Speaker: Nathan Lent
Professor, Vice-Dean, School of Engineering and Applied Sciences
Topic: Not So Different: Finding Human Nature in Animal Nature.
Dr. Lents will present selected topics from his book, Not So Different: Finding Human Nature in Animal Nature – We Are Not Unique in Many different Ways (see here).
Animals fall in love, establish rules for fair play, exchange valued goods and services, hold “funerals” for fallen comrades, deploy sex as a weapon, and communicate with one another using rich vocabularies. Animals also get jealous and violent or greedy and callous and develop irrational phobias, just like us. Monkeys address inequality, wolves miss each other, elephants grieve for their dead, and prairie dogs name the humans they encounter. Human and animal behavior is not as different as once believed.
In Not So Different, the biologist Nathan H. Lents argues that the same evolutionary forces of cooperation and competition have shaped both humans and animals. Identical emotional and instinctual drives govern our actions. By acknowledging this shared programming, the human experience no longer seems unique, but in that loss we gain a fuller appreciation of such phenomena as sibling rivalry and the biological basis of grief, helping us lead more grounded, moral lives among animals, our closest kin. Through a mix of colorful reporting and rigorous scientific research, Lents describes the exciting strides scientists have made in decoding animal behavior and bringing the evolutionary paths of humans and animals closer together. He marshals evidence from psychology, evolutionary biology, cognitive science, anthropology, and ethology to further advance this work and to drive home the truth that we are distinguished from animals only in degree, not in kind.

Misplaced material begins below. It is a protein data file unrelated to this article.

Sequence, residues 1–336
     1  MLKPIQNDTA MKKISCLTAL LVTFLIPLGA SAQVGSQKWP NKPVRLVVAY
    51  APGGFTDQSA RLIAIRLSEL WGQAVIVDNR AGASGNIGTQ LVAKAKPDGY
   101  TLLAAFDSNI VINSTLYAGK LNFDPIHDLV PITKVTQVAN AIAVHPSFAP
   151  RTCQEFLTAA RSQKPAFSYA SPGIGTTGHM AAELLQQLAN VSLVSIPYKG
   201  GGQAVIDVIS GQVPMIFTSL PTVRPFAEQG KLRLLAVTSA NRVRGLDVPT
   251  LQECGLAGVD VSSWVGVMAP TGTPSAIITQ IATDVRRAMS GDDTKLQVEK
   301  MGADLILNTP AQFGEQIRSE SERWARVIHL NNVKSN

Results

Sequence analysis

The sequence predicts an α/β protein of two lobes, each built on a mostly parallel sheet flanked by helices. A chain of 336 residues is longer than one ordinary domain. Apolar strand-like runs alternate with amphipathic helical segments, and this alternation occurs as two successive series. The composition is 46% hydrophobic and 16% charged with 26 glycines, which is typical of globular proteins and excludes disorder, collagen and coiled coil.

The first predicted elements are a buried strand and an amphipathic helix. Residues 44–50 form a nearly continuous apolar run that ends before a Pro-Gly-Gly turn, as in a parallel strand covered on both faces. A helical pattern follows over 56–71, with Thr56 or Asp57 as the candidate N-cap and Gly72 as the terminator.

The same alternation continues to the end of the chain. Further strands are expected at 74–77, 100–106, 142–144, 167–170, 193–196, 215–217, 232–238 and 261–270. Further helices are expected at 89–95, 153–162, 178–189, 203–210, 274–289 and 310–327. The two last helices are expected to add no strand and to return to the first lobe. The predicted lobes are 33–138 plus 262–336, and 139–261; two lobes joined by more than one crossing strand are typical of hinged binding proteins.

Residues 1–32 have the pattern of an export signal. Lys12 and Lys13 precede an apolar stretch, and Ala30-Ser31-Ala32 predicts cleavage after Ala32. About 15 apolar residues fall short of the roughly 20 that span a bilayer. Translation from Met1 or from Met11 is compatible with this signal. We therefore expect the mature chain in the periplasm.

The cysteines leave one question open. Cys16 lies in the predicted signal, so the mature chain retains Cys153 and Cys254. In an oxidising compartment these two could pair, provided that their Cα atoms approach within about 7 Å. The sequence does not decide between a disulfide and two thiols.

Nathan H. Lents is professor of molecular biology and director of the biology and cell and molecular biology programs at John Jay College of the City University of New York. His work has been published in the Journal of Biological Chemistry, Molecular Cell, and the American Journal of Physiology, as well as the Journal of College Science Teaching and the Chronicle of Higher Education. He also maintains The Human Evolution Blog and writes most of its content.
The cost of this event is $20 which includes a wonderful all-you-can-eat brunch followed by our guest speaker.